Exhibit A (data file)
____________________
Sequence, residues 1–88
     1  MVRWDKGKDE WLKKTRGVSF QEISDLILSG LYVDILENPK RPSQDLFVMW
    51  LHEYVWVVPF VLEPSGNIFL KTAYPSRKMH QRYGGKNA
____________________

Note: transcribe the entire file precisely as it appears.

Sequence, residues 1–88
     1  MVRWDKGKDE WLKKTRGVSF QEISDLILSG LYVDILENPK RPSQDLFVMW
    51  LHEYVWVVPF VLEPSGNIFL KTAYPSRKMH QRYGGKNA